One option is the Adaptil collar or spray. Adaptil is the synthetic version of a pheromone that is naturally emitted by mother dogs to calm and relax their puppies. This pheromone is only detectable by dogs, so humans can’t smell it at all. The Adaptil collar diffuses this pheromone to help calm a dog and decrease anxiety. And the spray works in a similar way.
For dogs who experience motion sickness related to anxiety, Adaptil can help them feel less stressed and nauseous in the car. Adaptil collars usually last for four weeks and do not require a prescription. And a bottle of Adaptil spray (which you apply to the crate, blankets, collar, etc. but NOT directly to your dog) can last for a while.
Ginger is one of the most common natural options used to treat motion sickness in dogs. It is believed that ginger protects the gastrointestinal tract while reducing the feeling of nausea. Dogs can take ginger extract in multiple forms (including a powder or tablet) for car sickness. However, it seems that ginger-containing products like ginger snaps, ginger dog treats, or ginger ale are probably not effective.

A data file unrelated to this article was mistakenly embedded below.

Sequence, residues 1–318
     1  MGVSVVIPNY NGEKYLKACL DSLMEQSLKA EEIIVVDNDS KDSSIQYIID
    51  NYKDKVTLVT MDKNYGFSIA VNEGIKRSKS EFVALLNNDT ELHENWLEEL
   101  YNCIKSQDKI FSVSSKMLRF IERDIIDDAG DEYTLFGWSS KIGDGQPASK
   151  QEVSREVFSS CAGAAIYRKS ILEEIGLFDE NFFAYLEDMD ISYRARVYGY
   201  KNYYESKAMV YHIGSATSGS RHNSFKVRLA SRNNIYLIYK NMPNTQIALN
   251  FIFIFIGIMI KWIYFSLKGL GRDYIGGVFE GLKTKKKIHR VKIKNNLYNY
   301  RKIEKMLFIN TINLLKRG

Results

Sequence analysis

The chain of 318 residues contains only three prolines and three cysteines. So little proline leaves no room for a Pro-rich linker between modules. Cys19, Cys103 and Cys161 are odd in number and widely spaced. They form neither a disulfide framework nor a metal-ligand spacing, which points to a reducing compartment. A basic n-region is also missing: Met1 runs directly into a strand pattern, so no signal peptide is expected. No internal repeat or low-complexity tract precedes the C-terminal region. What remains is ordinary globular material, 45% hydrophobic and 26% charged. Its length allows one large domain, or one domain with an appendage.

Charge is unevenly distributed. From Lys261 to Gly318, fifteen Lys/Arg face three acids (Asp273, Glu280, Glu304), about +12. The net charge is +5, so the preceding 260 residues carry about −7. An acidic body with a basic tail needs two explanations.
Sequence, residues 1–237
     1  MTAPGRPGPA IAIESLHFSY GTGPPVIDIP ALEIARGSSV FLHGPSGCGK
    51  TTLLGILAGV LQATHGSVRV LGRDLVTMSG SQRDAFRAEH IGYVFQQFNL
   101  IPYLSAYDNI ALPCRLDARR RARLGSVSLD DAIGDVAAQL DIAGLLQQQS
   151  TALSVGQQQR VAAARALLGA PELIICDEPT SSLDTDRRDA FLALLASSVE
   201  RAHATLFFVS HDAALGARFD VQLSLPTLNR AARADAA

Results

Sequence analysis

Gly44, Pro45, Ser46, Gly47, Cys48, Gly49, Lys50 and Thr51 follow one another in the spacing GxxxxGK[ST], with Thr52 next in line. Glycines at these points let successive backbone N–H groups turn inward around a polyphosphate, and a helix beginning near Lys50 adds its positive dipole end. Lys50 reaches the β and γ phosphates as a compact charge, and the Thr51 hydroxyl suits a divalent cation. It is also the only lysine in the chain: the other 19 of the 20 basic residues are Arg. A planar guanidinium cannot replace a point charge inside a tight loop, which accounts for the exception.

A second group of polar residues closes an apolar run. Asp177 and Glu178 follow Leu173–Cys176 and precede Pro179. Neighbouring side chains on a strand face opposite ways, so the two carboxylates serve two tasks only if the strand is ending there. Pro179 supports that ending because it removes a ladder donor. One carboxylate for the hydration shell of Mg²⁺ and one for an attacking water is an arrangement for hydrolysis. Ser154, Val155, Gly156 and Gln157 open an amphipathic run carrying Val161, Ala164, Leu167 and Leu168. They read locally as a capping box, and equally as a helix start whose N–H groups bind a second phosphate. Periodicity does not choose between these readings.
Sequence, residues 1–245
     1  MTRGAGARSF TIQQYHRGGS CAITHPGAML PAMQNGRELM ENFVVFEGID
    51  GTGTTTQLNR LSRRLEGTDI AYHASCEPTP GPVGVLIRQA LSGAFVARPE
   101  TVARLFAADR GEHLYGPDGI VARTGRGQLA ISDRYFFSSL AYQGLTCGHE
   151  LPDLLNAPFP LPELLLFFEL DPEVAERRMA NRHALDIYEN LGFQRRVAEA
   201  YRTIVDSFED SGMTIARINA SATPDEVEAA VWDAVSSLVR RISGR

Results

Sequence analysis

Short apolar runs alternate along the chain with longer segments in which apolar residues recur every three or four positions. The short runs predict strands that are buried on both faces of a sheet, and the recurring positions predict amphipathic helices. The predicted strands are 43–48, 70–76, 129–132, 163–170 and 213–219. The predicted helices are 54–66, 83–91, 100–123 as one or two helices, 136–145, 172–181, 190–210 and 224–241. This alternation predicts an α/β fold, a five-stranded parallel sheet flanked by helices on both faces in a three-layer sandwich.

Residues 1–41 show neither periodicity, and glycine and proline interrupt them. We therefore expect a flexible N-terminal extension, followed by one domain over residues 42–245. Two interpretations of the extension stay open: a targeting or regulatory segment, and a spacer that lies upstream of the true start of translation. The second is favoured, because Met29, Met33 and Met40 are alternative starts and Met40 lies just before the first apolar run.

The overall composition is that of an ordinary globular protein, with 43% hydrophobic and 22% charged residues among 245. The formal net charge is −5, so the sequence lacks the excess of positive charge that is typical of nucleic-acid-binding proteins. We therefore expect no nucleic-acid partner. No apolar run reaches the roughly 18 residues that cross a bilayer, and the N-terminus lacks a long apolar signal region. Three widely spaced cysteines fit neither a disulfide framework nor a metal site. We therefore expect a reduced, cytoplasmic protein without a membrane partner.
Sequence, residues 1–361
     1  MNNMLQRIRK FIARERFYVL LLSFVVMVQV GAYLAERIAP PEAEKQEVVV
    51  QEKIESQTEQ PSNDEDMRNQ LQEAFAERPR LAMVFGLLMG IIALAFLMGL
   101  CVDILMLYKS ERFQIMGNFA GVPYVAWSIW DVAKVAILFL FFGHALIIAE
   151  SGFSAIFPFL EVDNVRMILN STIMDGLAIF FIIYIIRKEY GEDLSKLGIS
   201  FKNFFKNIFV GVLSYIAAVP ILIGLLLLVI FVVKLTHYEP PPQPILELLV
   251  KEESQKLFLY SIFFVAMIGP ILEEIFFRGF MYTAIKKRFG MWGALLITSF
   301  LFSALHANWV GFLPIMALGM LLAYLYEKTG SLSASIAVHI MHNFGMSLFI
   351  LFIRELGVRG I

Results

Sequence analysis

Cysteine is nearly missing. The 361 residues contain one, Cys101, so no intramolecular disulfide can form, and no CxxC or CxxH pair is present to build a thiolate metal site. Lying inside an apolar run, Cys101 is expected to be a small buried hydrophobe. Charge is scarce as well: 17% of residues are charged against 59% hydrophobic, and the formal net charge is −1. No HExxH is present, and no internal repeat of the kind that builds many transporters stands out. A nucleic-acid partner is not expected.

If you want to use ginger for your dog’s car sickness, discuss it with your veterinarian first. Show your vet what form of ginger you want to use, so the vet can make sure it is safe for your dog.
Talk to your vet before trying natural remedies or supplements
In addition to ginger, there are some other natural remedies like CBD oil for dogs or essential oils that dog parents may be tempted to try for their car sick dog. But before giving your dog any type of remedy or supplement, please consult your veterinarian first. Even natural remedies can have side effects—especially in dogs who have specific diseases or are taking certain medications. Your veterinarian is your best resource for knowing what will be safe and effective for your dog.
Restore the joy of car rides for your dog and you
If your dog is struggling with car sickness, please don’t give up and assume you are doomed to either leaving your dog at home or cleaning up vomit if you do take your dog somewhere. There is hope for dogs with car sickness!
Puppies can grow out of car sickness, and managing a dog’s underlying conditions can make him or her less prone to motion sickness. Plus, taking the time to desensitize your dog to the car and make it a comfortable environment for him or her can do wonders for your dog’s car anxiety. And if your dog still needs a bit of help with car sickness, you can talk to your vet about Cerenia, meclizine, or other medications and natural remedies.
There are solutions out there for car sickness—it’s just a matter of figuring out what works best for your dog. Maybe your dog will never be destined to be your constant car companion. But if you can get to the point where he or she can tolerate (or ideally enjoy) the occasional trip to the park, a friend or family member’s house, the vet, or the groomer, that is a win in my book.
Car sickness doesn’t have to stop your dog from living life to the fullest.
Which car sickness remedies worked best for your dog?
Please comment below.